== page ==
## Problem

At your local barbershop, there are always four barbers working simultaneously. Each haircut takes exactly 15 minutes, and there’s almost always one or more customers waiting their turn on a first-come, first-served basis.

Being a regular, you prefer to get your hair cut by the owner, Tiffany. If one of the other three chairs opens up, and it’s your turn, you’ll say, “No thanks, I’m waiting for Tiffany.” The person behind you in line will then be offered the open chair, and you’ll remain at the front of the line until Tiffany is available.

Unfortunately, you’re not alone in requesting Tiffany — a quarter of the other customers will hold out for Tiffany, while no one will hold out for any of the other barbers.

One Friday morning, you arrive at the barber shop to see that all four barbers are cutting hair, and there is one customer waiting. You have no idea how far along any of the barbers is in their haircuts, and you don’t know whether or not the customer in line will hold out for Tiffany.

What is the expected wait time for getting a haircut from Tiffany?

## Solution

Let \(T\) be the random variable of the remaining time for haircut being done by Tiffany.

Let \(B_i\) be the random variable of the remaining time for haircut being done by Barber \(i\), for \(i=1,2,3\).

Let \(C_T\) be the indicator random variable which takes the value \(1\) if the waiting customer holds out for Tiffany and \(0\) otherwise.

We have,

\[ \begin{eqnarray*} T &\sim& \mathcal{U}(0,15) \\ B_i &\sim& \mathcal{U}(0,15), i = 1,2,3 \\ \mathbb{P}[C_T = 1] = \frac{1}{4} &,& \mathbb{P}[C_T = 0] = \frac{3}{4} \end{eqnarray*} \]

Let \(Y\) be the random variable of the waiting time for Tiffany when there is one customer waiting.

We have,

\[ \begin{equation} \label{rv_wait_time} Y = \begin{cases} 15 + T & C_T = 1 \\ 15 + T & C_T = 0, T < \min(B_1, B_2, B_3) \\ T & C_T = 0, T \geq \min(B_1, B_2, B_3) \end{cases} \end{equation} \]

The expected wait time for getting a haircut from Tiffany, \(\mathbb{E}[Y]\) is given by

\[ \begin{equation} \label{exp_wait_time} \mathbb{P}[C_T = 1]\cdot\mathbb{E}[Y | C_T = 1] + \\ \mathbb{P}[C_T = 0]\cdot\mathbb{E}[Y | C_T = 0] \\ = \frac{1}{4}(15 + \mathbb{E}[T]) + \frac{3}{4} \mathbb{E}[Y | C_T=0] \end{equation} \]

As \(T \sim \mathcal{U}(0,15)\),

\[ \begin{equation} \label{exp_uni_rv} \mathbb{E}[T] = \frac{0 + 15}{2} = 7.5 \end{equation} \]

To calculate \(\mathbb{E}[Y \vert C_T=0]\), we need the distribution function of \(B=\min(B_1, B_2,B_3)\).

By definition,

\[ \begin{equation} \label{dist_B} F_B(x)=\mathbb{P}[B \leq x] = 1 - \mathbb{P}[B>x] \\ = 1 - \mathbb{P}[\min(B_1,B_2,B_3) > x] \end{equation} \]

From \(\ref{rv_wait_time}\) and \(\ref{dist_B}\) we get,

\[ \begin{equation} \label{cond_exp_y_t} \mathbb{E}[Y | T, C_T=0] = (15+T)(1-F_B(T)) + \\ T \cdot F_B(T) \\ = 15(1-F_B(T)) + T \end{equation} \]

### Using Symmetry

An elegant way of calculating \(\mathbb{E}[Y \vert C_T=0]\) from \(\ref{cond_exp_y_t}\) without deriving \(F_B\) explicitly is as follows,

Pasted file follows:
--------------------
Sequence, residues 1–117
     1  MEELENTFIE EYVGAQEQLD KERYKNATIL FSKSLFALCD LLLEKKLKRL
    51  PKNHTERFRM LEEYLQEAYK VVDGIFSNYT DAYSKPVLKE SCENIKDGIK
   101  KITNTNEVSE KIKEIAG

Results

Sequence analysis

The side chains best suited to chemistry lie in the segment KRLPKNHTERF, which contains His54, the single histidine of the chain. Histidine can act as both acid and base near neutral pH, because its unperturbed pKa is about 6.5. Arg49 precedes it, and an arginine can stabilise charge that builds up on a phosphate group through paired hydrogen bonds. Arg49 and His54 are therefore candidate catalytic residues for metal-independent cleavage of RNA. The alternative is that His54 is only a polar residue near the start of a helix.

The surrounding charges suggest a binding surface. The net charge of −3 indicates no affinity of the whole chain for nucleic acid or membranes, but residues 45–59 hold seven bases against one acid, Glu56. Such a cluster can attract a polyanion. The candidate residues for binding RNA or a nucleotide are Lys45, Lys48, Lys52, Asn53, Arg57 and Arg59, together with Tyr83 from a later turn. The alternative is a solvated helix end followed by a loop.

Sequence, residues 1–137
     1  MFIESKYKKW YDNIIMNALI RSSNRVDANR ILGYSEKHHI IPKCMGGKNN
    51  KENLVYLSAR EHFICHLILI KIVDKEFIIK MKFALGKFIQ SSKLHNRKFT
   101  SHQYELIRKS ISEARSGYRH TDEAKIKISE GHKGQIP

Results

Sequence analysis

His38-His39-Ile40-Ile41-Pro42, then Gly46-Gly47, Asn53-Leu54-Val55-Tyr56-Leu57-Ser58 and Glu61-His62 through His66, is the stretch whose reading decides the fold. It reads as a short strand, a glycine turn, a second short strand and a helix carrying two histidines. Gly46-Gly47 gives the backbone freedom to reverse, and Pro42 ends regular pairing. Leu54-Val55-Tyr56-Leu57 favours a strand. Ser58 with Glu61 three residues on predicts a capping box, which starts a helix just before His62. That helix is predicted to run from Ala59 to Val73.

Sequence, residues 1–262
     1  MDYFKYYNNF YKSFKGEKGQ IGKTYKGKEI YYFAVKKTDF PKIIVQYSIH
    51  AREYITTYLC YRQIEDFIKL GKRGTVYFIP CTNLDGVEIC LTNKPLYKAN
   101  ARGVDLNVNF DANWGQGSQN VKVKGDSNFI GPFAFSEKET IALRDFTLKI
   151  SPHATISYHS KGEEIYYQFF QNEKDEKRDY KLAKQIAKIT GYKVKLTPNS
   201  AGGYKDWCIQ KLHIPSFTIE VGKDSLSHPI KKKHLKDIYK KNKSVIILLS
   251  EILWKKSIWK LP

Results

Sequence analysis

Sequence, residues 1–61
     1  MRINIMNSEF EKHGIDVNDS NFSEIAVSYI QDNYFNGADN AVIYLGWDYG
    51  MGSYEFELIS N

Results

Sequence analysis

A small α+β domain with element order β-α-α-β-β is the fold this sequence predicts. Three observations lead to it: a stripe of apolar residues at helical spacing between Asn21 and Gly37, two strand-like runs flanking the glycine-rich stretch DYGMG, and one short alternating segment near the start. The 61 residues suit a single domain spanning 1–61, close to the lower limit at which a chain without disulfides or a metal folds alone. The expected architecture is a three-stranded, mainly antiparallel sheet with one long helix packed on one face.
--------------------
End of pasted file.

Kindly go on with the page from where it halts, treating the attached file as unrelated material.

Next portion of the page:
\[ \begin{equation} \label{cond_exp_y_t_eleg} \mathbb{E}[Y \vert C_T=0] = \mathbb{E}[\mathbb{E}[Y \vert T, C_T=0]] \\ = \mathbb{E}[15(1-F_B(T))] + \mathbb{E}[T] \\ = 15\cdot \frac{1}{4} + 7.5 = 11.25 \end{equation} \]

The quantity \(\mathbb{E}[1-F_B(T)]\) can be interpreted as the average probability of \(T\) being the minimum of \(T, B_1, B_2\) and \(B_3\), which by *symmetry* is \(\frac{1}{4}\).

### Derivation of \(F_B\)

To derive \(F_B\) we need to first calculate \(\mathbb{P}[\min(B_1,B_2,B_3) > x]\).

Of course, \(min(B_1,B_2,B_3)>x\) exactly when \(B_i>x\) for \(i=1,2\) and \(3\).

Since these variables are i.i.d., we have

\[ \begin{align*} \mathbb{P}[\min(B_1,B_2,B_3) > x] &= \mathbb{P}[B_1>x] \cdot \mathbb{P}[B_2>x] \cdot \mathbb{P}[B_3>x] \\ &= \mathbb{P}(B_1>x)^3 \end{align*} \]

As the \(B_i\) are uniformly distributed on \((0,15)\), this yields

\[ \begin{equation} \label{min_uniform_iid} F_B(x) = \left\{ \begin{array}{ll} 1 - \left(\frac{15-x}{15}\right)^3 & x \in (0, 15)\\ 0 & x < 0\\ 1 & y > 15 \end{array} \right. \end{equation} \]

From \(\ref{min_uniform_iid}\) and \(\ref{cond_exp_y_t}\) we get,

\[ \begin{equation} \label{cond_exp_y_t_1} \mathbb{E}[Y | T, C_T=0] = 15\left( \frac{15-T}{15} \right) ^3 + T \end{equation} \]

From \(\ref{cond_exp_y_t_1}\) we get,

\[ \begin{equation} \label{cond_exp_y} \mathbb{E}[Y | C_T=0] = \int_0^{15} f_T(t) \left(15\left( \frac{15-t}{15} \right) ^3 + t\right) dt \\ = \int_0^{15} \frac{1}{15} \left(15\left( \frac{15-t}{15} \right) ^3 + t \right ) dt \\ = 11.25 \end{equation} \]

where \(f_T(t) = \frac{1}{15}\) is the density function of \(T\).

### Calculating \(\mathbb{E}[Y]\)

From \(\ref{exp_wait_time}\), \(\ref{exp_uni_rv}\) and \(\ref{cond_exp_y_t_eleg}\) (or \(\ref{cond_exp_y}\)) and we get,

\[ \begin{equation*} \mathbb{E}[Y] = \frac{1}{4}(15+\mathbb{E}[T]) + \frac{3}{4} \mathbb{E}[Y | C_T=0] \\ = \frac{1}{4} \cdot 22.5 + \frac{3}{4} \cdot 11.25 = 14.0625 \end{equation*} \]

Therefore the expected wait time for getting a haircut from Tiffany is **14.0625** mins.

## Monte Carlo Simulation

```
from random import random, uniform
= 1000000
runs = 0
total_wait_time for _ in range(runs):
= [uniform(0, 15) for _ in range(4)]
t, b1, b2, b3 if random() <= 0.25:
= 15 + t
wait_time else:
if t < min(b1, b2, b3):
= 15 + t
wait_time else:
= t
wait_time += wait_time
total_wait_time print("Average wait time: ", total_wait_time/runs)
```